As routers become more accurate and capable they are used increasingly to machine parts that, in the past, typically were machined on CNC milling machines. Routers with large machine tables and coupled with highspeed spindles are ideal for machining thin and small parts from sheet or plate material.
The challenge has been the workholding. A vacuum table is a good way to hold a sheet in place. However, because of the insufficient surface area of the part to render the vacuumholding power effective, it does not allow for small parts to be cut in one setup.
Keeping the parts attached to the sheet with tabs is also common. This requires the extra steps of removing the tabs to separate the parts from the sheet plus handwork to de-burr the parts. Tab removal often leaves unacceptable marks on the part contour. Also, tabs require more space between the parts so more material is required. For highvolume production, such as aerospace components, this is a major cost factor.
Sometimes, marginally sized parts can be held in place by vacuum and routed in one step without using tabs if the feedrate is reduced sufficiently. Unfortunately this also reduces the production rate.
Double-sided tape is also often used to hold small parts securely in place. The disadvantages are the difficulty of removing the often very fragile parts from the tape without distorting them, and the residue from the tape’s adhesive requires a cleaning step. Adhesive spray is another option, but this is messy and residue on the parts also requires a cleaning step.
“A product is now available in the U.S. that overcomes many of the difficulties of holding small, thin and delicate parts when machining,” Gerd Bode president of Stackmaster Engineering Corp. said. Vilmill, available in North America exclusively from Stackmaser, is used as a substrate between the sheet or plate material to be machined and a suitable vacuum table or vacuum chuck where it is held securely in place by the vacuum. “It acts as a holding fixture and can double as a conveyor belt for automatic loading and un-loading. With vilmill, the feedrate of appropriately powered machines can be significantly increased over that possible with other holding techniques,” Bode explained.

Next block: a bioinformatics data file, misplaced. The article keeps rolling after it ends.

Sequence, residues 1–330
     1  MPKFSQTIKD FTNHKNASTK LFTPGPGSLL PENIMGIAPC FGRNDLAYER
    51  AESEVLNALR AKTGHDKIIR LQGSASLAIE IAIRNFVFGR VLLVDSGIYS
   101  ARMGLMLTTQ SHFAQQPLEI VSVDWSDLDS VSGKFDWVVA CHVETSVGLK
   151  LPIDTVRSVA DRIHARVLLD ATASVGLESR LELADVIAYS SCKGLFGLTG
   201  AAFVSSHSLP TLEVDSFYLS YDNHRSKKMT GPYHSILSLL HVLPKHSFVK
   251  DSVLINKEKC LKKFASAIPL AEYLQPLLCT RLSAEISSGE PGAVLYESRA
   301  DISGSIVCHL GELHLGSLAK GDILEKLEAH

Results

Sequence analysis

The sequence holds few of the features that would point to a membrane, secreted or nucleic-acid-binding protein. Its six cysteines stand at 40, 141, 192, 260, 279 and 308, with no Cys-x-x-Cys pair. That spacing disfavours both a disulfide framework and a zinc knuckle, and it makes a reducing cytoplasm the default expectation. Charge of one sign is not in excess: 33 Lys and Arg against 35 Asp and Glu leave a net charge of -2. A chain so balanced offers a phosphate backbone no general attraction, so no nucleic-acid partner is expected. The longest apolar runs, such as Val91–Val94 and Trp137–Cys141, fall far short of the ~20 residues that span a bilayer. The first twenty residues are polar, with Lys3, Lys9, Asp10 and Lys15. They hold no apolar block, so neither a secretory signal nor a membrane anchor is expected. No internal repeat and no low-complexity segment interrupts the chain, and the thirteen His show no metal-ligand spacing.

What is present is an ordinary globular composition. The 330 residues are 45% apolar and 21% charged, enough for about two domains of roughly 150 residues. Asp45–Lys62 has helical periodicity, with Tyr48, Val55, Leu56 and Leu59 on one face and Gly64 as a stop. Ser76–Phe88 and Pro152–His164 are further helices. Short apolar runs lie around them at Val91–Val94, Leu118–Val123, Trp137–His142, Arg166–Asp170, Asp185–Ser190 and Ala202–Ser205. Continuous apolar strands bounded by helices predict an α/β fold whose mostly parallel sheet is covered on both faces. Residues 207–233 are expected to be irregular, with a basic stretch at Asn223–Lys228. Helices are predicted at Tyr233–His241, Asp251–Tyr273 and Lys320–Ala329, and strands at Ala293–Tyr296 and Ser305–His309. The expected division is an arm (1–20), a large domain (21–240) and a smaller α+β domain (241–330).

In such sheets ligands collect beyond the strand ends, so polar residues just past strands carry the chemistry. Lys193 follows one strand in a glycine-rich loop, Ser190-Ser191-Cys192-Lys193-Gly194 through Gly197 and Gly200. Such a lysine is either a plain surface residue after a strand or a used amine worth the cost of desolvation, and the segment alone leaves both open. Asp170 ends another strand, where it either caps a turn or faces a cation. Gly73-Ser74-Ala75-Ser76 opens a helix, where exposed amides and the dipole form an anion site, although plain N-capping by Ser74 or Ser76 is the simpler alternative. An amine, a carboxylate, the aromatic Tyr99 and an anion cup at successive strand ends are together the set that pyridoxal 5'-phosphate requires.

Vilmill is only 0.010-in. thick and has an adhesive coating on one side. The adhesive is activated by the heat generated in the machining process. Parts are bonded to the vilmill approximately 0.025 in. around the periphery and are held firmly in place during machining. They can be peeled off easily when machining is finished. The adhesive leaves no detectable residue.
“Vilmill is becoming increasingly popular not only in the aerospace and electronics industries and for routing control panels, but also for machining name tags and with users of small routers and engraving machines, as well as with jewelry makers,” Bode explained.
For machining metal, a lean mist is used to keep the chips from building up on the router bit. For plastic, only a soft air blast is used to blow away the chips. Since the heat that is generated in the milling process is needed to activate the vilmill adhesive, no coolant can be used. This limits the use of vilmill to machining non-ferrous materials, such as aluminum, brass and plastics.
Vilmill is available in 100-meter rolls in widths of 1.22 m (48 in.), 1.5 m (59 in.) and 1.8 m (71 in.). The 1.8-m wide product is available by the yard. If purchased by the roll, vilmill costs 50 cents per square foot.